“He was charming,” Mr. Thibault said. “And I perceived him to be a real person, although I didn’t know the totality of Louis.”
Mr. Colavecchio, who was born on Jan. 1, 1942, spent part of his early life in Warwick, R.I., his childhood friend, Mary Ann Sorrentino, wrote in an opinion article in The Providence Journal. He graduated from Providence College in 1964 with a degree in business administration, The Journal reported. In September 2015, he enrolled at the Community College of Rhode Island, court records show.
He grew up with a sister and a brother, who later became a Jesuit missionary, Ms. Sorrentino wrote.
Casino officials were often too embarrassed to admit they were swindled by Mr. Colavecchio, said Franz Douskey, his friend and co-author. He was barred from every casino in the country, The Associated Press reported. Nonetheless, he had disguises, labeled in boxes and bins with the names of different casinos, that he used to fake his own appearance and outwit pursuers.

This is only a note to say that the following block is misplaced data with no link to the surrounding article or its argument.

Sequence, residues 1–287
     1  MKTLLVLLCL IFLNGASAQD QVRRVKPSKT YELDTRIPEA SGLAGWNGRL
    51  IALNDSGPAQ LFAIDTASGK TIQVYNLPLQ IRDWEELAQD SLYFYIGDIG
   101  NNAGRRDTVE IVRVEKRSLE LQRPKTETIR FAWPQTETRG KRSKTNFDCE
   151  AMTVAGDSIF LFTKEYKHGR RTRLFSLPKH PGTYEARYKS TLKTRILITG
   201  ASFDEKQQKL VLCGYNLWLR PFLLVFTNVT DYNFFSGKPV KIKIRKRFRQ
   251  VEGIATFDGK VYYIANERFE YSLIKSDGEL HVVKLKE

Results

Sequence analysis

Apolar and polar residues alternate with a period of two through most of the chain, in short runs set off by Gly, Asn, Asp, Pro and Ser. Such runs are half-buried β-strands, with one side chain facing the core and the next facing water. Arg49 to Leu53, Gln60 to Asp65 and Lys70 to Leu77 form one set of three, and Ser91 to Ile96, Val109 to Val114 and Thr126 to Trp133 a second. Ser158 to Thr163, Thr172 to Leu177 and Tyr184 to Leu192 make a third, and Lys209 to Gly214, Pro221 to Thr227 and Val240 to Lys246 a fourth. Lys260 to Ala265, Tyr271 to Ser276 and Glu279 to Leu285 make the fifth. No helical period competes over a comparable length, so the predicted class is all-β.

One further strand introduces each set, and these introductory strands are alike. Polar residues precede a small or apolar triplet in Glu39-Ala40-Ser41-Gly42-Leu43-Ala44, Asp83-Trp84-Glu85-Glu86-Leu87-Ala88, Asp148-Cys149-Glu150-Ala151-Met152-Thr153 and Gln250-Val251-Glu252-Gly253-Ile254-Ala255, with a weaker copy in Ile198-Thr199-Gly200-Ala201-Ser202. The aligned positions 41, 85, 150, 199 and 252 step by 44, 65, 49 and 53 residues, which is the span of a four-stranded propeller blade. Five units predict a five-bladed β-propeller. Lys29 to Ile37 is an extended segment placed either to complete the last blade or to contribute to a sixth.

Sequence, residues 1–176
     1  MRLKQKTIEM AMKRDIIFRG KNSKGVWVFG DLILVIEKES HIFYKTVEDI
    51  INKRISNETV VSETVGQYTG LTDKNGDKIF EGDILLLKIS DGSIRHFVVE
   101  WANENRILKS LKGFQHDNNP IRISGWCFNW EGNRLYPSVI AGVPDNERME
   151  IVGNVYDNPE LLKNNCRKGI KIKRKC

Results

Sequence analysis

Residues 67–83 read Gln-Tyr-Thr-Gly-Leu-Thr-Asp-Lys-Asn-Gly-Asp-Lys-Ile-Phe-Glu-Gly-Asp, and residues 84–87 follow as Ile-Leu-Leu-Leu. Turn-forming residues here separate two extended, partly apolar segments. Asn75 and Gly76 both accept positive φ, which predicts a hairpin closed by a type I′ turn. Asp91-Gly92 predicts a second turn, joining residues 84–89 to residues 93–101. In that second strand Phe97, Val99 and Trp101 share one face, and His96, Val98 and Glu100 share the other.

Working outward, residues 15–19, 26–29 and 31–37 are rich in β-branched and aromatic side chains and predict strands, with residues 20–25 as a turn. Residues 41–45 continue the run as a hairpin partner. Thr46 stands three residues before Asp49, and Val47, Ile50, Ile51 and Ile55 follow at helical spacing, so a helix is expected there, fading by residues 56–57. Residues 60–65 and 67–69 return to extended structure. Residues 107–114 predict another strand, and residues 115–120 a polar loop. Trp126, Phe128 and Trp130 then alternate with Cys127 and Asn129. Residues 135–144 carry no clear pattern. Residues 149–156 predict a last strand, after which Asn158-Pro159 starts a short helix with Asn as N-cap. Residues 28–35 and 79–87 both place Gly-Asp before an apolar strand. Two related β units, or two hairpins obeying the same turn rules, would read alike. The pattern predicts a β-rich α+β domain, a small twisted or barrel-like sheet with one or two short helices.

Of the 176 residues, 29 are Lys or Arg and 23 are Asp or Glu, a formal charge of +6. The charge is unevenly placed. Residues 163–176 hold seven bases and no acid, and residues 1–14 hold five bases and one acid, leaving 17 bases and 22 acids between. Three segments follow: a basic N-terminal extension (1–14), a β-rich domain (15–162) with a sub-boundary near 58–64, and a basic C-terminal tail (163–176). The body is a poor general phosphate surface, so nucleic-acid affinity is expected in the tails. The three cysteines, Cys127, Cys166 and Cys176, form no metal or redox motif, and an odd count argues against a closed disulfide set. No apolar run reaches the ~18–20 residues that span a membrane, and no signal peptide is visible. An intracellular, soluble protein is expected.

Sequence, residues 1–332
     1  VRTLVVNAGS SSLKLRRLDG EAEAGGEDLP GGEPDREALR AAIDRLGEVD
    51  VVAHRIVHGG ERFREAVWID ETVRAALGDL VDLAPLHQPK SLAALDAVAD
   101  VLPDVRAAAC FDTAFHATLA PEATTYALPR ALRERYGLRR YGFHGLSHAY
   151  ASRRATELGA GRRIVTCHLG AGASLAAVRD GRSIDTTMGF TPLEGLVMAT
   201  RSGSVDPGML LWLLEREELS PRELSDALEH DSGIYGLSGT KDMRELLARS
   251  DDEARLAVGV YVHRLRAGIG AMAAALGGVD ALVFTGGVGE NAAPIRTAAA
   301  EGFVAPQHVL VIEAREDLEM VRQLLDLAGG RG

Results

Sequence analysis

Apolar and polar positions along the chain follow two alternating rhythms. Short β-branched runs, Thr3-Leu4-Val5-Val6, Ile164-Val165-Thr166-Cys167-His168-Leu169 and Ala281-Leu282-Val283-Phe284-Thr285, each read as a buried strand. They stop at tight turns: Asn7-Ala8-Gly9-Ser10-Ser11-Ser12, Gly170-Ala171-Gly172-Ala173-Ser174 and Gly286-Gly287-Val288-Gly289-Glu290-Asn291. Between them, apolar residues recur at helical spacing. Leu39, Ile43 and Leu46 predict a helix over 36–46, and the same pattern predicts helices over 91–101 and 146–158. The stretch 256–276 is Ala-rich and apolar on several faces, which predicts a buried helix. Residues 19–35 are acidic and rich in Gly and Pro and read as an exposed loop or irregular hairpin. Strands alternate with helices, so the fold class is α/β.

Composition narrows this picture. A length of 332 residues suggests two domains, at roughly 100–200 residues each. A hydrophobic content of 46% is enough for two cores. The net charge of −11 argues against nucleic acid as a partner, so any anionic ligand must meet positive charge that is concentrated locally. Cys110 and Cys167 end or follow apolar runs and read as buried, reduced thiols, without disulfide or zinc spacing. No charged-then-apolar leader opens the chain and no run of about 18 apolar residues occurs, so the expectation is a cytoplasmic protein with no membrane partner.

Though available court records give an incomplete picture, they show that, over the decades, Mr. Colavecchio faced a series of charges that included bank, mortgage and insurance fraud.
But counterfeiting was his calling card.
In 1997, he was sentenced to 27 months in prison for his phony casino coins, and in 2019, he was sentenced to 15 months, this time for producing thousands of counterfeit $100 bills.
“They call it a correctional institute but they didn’t correct him,” Mr. Douskey said in an interview.
All of his work was meticulous, intelligent and done with a keen focus. He could toil alone under microscopes for days, spurred by a desire to trick the federal government and the casinos.
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